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#67 of 75 OFFLINE   Patrick_S

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Posted November 09 2012 - 08:18 PM

So, there is an obvious answer:  Keep the electoral college, but make it so that each House Rep has 1 EV (as they supposedly do now) but that they vote as they do.  This also has the added benefit of making sure state-level gerrymeandering is held in some check.   That way, ® voters in states like California and NY feel like they have an impact.   (D) voters in Texas, Georgia, etc. have an impact.    The electoral college outcome this time wouldn't have been that different, but the fact is, you'd give a reason for a (D) to go to Georgia.  An ® to campaign in Northern California.   Go straight population, and most of the country goes completely ignored and you become a set of campaign stops of the 25 largest metros only.
If you are saying that the members of the House should be casting the EC votes to elect the President than this is an extraordinarily bad answer. Also it would result in more gerrymandering not less.

#68 of 75 OFFLINE   Adam Gregorich

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Posted November 09 2012 - 08:29 PM

Matt- With the Electoral Collage, states like Washington, OR, CA, NY are going to vote for the D candidate guaranteed, while states like TX, OK, and others in the Midwest are going to go for the R.  Since these states are either "in the bag" or "unwinnable" (depending on your preference ) the candidates pretty much bypass them anyway.  I think Obama made one stop here that was a fundraiser, and Romey made one fundraiser/campaign stop, so we were essentiall ignored anyway (maybe that was a good thing? )   I don't get what you propose Matt, as that seems to ignore the public vote too.  Some states split their EC votes based on the percentage of votes plus giving a "bonus" vote or two to the winner of the popular vote, kind of a hybrid approach. 

#69 of 75 ONLINE   DaveF

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Posted November 09 2012 - 08:31 PM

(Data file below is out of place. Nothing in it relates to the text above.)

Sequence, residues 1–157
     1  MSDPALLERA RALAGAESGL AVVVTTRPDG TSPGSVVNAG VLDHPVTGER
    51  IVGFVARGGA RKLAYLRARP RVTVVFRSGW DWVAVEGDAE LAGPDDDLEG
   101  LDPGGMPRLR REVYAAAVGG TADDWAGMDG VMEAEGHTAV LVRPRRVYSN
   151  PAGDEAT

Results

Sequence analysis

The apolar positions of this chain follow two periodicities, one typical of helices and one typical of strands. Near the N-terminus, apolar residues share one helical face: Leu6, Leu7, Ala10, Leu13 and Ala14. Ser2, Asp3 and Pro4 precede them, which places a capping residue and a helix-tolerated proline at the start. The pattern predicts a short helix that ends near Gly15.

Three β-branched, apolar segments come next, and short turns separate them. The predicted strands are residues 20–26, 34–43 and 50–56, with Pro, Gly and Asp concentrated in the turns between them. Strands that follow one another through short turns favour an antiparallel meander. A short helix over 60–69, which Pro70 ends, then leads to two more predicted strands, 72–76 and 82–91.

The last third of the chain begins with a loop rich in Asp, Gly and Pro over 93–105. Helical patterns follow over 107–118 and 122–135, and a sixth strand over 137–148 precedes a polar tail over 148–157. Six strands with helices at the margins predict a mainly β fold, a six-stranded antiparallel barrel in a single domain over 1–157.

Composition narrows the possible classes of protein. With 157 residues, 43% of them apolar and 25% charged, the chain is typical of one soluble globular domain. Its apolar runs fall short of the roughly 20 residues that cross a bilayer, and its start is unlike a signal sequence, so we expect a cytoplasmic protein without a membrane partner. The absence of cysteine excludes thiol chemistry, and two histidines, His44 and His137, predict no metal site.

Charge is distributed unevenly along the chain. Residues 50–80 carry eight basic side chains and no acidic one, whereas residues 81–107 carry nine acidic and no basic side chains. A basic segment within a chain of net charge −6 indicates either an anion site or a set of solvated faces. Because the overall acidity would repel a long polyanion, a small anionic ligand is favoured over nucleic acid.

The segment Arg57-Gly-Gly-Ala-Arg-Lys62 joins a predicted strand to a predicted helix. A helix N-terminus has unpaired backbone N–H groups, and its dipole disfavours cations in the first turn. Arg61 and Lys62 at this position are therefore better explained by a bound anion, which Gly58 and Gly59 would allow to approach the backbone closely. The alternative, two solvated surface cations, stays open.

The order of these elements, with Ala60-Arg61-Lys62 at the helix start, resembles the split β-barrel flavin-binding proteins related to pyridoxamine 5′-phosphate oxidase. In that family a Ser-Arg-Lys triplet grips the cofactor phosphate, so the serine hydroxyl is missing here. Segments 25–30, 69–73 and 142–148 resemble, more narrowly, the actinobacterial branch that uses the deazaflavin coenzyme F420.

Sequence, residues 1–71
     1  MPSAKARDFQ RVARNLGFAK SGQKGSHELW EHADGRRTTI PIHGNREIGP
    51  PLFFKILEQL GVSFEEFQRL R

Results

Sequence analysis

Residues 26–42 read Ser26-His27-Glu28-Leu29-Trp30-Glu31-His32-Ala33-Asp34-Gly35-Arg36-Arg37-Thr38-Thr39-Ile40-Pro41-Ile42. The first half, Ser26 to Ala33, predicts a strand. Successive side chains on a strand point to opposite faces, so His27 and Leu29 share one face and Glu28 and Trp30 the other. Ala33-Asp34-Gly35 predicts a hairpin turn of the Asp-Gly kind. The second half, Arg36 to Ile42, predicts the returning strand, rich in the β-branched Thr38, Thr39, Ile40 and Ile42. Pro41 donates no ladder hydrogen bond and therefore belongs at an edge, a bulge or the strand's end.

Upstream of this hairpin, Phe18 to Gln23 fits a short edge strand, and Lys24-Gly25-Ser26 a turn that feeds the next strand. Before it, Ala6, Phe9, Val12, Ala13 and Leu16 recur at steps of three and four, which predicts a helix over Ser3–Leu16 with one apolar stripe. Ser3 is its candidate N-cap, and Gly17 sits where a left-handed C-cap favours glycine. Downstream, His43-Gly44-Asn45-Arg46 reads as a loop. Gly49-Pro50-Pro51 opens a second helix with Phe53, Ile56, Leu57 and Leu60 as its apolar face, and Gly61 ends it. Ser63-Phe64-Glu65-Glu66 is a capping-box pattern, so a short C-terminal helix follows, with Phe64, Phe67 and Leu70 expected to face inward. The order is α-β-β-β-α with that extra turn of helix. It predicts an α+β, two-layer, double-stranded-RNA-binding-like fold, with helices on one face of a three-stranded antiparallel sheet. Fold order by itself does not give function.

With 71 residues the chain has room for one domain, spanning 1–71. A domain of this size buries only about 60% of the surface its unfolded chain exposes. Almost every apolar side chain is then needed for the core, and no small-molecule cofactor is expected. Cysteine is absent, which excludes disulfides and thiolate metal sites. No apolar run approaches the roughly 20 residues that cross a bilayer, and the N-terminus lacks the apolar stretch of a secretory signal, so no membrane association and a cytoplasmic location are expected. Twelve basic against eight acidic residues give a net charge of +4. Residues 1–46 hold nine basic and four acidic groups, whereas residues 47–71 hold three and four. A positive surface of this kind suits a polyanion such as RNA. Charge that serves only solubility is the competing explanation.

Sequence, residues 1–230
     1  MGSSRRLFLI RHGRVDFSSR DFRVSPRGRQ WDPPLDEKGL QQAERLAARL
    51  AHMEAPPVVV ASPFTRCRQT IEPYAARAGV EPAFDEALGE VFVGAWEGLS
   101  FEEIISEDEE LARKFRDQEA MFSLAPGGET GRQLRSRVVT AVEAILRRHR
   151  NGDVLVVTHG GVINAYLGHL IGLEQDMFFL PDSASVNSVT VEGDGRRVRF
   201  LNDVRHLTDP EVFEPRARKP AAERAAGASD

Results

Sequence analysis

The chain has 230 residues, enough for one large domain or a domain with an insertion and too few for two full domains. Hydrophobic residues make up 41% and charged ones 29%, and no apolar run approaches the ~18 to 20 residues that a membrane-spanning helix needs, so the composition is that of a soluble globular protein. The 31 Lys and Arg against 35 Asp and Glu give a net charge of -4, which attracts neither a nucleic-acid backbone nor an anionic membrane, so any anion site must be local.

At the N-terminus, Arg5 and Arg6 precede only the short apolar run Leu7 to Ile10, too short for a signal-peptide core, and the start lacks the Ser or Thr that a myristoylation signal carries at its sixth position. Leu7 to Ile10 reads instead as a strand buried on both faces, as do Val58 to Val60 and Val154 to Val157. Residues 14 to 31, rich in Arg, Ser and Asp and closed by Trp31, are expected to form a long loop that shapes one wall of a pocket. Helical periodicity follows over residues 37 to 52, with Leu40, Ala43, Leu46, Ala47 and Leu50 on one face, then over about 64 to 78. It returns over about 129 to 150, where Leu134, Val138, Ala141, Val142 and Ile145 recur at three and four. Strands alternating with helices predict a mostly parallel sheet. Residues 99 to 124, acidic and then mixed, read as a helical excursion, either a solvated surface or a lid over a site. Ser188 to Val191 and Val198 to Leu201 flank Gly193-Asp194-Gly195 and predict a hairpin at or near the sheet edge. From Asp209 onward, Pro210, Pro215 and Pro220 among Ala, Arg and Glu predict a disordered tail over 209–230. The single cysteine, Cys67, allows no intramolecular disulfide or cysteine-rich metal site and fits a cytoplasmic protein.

Without it the candidate might be motivated to campaign mostly in big cities. But with it, they only campaign in Ohio and Florida, the swing states, since all-or-nothing EC creates its own distortions. Everyone works to their merit function. The trick is to design a good one to get good outcome. Here's a look at who matters for politicking. http://www.npr.org/b...orphed-by-money

#70 of 75 OFFLINE   Adam Gregorich

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Posted November 09 2012 - 08:37 PM

The money and swing states look suspiciously alike

#71 of 75 ONLINE   DaveF

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Posted November 09 2012 - 08:43 PM

Yep. :)

#72 of 75 OFFLINE   mattCR

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Posted November 09 2012 - 08:46 PM

Quote:
Originally Posted by Patrick_S /t/324255/generic-voting-question/60#post_3999655 If you are saying that the members of the House should be casting the EC votes to elect the President than this is an extraordinarily bad answer. Also it would result in more gerrymandering not less.
  No, I'm not saying that at all.   I'm saying each house district would be the equivelent of one EV.  A House district could elect party A to the house and party B to the White House.. in fact, this happens often.  Electors are cast at the state level, not the house level. However, Gerry Meandering is often used to secure "guaranteed" "R" or "D" areas, but study after study have shown that they do so to make sure it's beyond a +10 rate.  This means completely safe districts.   This doesn't necessarily work on the national level, which if faced with a single guaranteed "A" and a guaranteed "B" would prefer 2 closer matched districts than two landslide ones as a chance to pickup 2 EVs than a guaranteed one.
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#73 of 75 OFFLINE   mattCR

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Posted November 09 2012 - 08:56 PM

Quote: